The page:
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Am J Infect Control. 1999 Dec;27(6):547-52.

Nosocomial infections in the intensive care units at a university hospital in a developing country: comparison with National Nosocomial Infections Surveillance intensive care unit rates.

Author information

1
Department of Pediatrics, Division of Infectious Disease, Jordan University Hospital, Amman, Jordan.

Abstract

OBJECTIVE:

As a measure of the quality of care provided to patients in the intensive care unit, comparison of nosocomial infection rates with those of the National Nosocomial Infection surveillance was completed during a 3-year observation period.

DESIGN:

The study design was a prospective study during 3 years between 1993 and 1995. During that period, patients at the medical/surgical and neurosurgical intensive care units and the high-risk nursery were surveyed for nosocomial infections. Device use, bloodstream infection, urinary tract infection, and ventilator-associated pneumonia nosocomial infection rates were calculated and compared with the National Nosocomial Infection Surveillance published rates for the same period.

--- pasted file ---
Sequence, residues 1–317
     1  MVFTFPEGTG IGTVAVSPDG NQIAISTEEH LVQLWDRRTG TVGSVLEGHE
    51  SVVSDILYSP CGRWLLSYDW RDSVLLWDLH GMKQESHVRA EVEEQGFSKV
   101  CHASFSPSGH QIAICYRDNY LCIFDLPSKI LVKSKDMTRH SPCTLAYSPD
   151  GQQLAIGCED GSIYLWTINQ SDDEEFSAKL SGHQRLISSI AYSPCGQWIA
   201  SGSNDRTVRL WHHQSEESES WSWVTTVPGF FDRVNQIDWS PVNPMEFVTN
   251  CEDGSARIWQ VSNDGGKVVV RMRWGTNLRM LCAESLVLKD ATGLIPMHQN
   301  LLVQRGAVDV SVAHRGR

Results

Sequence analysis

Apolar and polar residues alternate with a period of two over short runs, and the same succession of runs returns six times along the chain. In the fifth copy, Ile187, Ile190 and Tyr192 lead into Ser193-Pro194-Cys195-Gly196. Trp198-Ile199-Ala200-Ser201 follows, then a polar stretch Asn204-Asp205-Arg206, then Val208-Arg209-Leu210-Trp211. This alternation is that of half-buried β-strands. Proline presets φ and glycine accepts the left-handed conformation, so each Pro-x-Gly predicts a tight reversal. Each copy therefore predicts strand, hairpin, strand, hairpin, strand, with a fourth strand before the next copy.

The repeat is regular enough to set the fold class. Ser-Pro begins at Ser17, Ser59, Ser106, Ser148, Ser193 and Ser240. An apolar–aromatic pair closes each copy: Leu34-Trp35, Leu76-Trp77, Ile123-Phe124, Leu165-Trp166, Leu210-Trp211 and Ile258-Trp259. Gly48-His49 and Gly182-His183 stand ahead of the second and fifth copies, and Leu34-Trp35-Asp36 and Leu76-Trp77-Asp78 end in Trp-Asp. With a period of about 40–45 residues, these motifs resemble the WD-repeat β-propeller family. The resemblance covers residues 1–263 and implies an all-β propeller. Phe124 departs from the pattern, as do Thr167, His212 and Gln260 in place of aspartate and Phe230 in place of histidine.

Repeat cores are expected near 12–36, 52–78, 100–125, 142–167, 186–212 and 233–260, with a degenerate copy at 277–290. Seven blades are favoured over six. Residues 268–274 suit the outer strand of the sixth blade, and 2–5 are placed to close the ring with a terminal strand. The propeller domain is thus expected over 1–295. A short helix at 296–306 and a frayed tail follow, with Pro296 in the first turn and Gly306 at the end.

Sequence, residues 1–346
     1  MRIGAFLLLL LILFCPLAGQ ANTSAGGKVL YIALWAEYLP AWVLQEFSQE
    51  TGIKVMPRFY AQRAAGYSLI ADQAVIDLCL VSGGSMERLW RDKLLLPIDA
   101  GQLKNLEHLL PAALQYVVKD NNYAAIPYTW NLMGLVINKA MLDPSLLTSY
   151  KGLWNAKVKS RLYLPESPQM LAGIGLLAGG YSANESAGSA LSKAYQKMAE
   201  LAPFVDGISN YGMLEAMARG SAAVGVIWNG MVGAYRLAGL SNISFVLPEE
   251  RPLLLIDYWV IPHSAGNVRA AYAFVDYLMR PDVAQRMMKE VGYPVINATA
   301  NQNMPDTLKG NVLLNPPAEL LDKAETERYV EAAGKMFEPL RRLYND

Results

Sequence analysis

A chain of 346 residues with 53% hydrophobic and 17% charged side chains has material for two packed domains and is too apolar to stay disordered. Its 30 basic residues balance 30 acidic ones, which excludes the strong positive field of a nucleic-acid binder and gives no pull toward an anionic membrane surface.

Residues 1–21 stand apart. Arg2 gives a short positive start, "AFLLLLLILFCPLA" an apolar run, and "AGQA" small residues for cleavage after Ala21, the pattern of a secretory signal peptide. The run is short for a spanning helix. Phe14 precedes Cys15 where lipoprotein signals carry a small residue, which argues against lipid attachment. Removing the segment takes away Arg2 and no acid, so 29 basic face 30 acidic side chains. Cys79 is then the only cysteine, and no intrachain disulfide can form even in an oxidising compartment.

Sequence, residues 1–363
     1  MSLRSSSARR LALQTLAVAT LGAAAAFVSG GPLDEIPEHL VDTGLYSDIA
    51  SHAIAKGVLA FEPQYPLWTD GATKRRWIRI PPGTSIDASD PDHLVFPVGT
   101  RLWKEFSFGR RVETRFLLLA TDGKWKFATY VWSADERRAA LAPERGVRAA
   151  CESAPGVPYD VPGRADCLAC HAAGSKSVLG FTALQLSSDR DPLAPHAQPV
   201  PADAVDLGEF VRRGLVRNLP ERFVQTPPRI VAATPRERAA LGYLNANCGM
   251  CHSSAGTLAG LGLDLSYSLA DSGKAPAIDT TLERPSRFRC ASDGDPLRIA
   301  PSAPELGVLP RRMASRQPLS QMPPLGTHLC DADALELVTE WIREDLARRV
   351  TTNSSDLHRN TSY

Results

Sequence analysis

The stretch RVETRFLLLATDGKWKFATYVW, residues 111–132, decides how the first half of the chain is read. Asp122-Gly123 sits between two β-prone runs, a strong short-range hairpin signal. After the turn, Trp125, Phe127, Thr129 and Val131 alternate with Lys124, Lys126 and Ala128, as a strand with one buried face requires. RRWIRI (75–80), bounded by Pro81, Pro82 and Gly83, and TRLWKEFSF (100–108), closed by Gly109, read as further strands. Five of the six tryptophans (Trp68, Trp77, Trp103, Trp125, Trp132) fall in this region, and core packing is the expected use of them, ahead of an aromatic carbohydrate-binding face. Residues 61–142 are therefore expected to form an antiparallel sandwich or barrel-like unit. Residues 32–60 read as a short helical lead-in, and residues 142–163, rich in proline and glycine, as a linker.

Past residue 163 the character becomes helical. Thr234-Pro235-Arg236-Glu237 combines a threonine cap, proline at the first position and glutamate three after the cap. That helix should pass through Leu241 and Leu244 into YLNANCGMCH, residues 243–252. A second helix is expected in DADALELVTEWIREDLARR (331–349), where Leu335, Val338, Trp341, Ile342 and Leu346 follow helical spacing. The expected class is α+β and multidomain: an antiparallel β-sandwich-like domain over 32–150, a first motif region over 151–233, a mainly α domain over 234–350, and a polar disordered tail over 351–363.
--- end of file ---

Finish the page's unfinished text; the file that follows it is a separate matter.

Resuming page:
SETTING:

The study setting was the medical/surgical intensive care unit, the neurosurgical intensive care unit, and the high-risk nursery at the Jordan University Hospital.

RESULTS:

Overall infection rates were 17.2 per 100 patients in the medical/surgical intensive care unit, 14.2 to 18.5 per 100 patients in the neurosurgical intensive care unit, and 13.4 to 73.5 per 100 patients in the high-risk nursery. When compared with the weight of the infants, these rates were 61.9 to 94 per 100 in infants weighing <1500 g, 26 to 30.8 per 100 patients in infants weighing >1500 g to 2500 g, and 11.7 to 14.4 per 100 in infants weighing >2500 g. Whereas device use was moderate, bloodstream infection and ventilator-associated pneumonia rates were >90th percentile for National Nosocomial Infection Surveillance in the high-risk nursery, and urinary tract infection was >90th percentile in the medical/surgical and neurosurgical intensive care units. Nosocomial infections at the intensive care units in developing countries need further investigation and control.

PMID:
10586161
DOI:
10.1016/s0196-6553(99)70035-0
[Indexed for MEDLINE]

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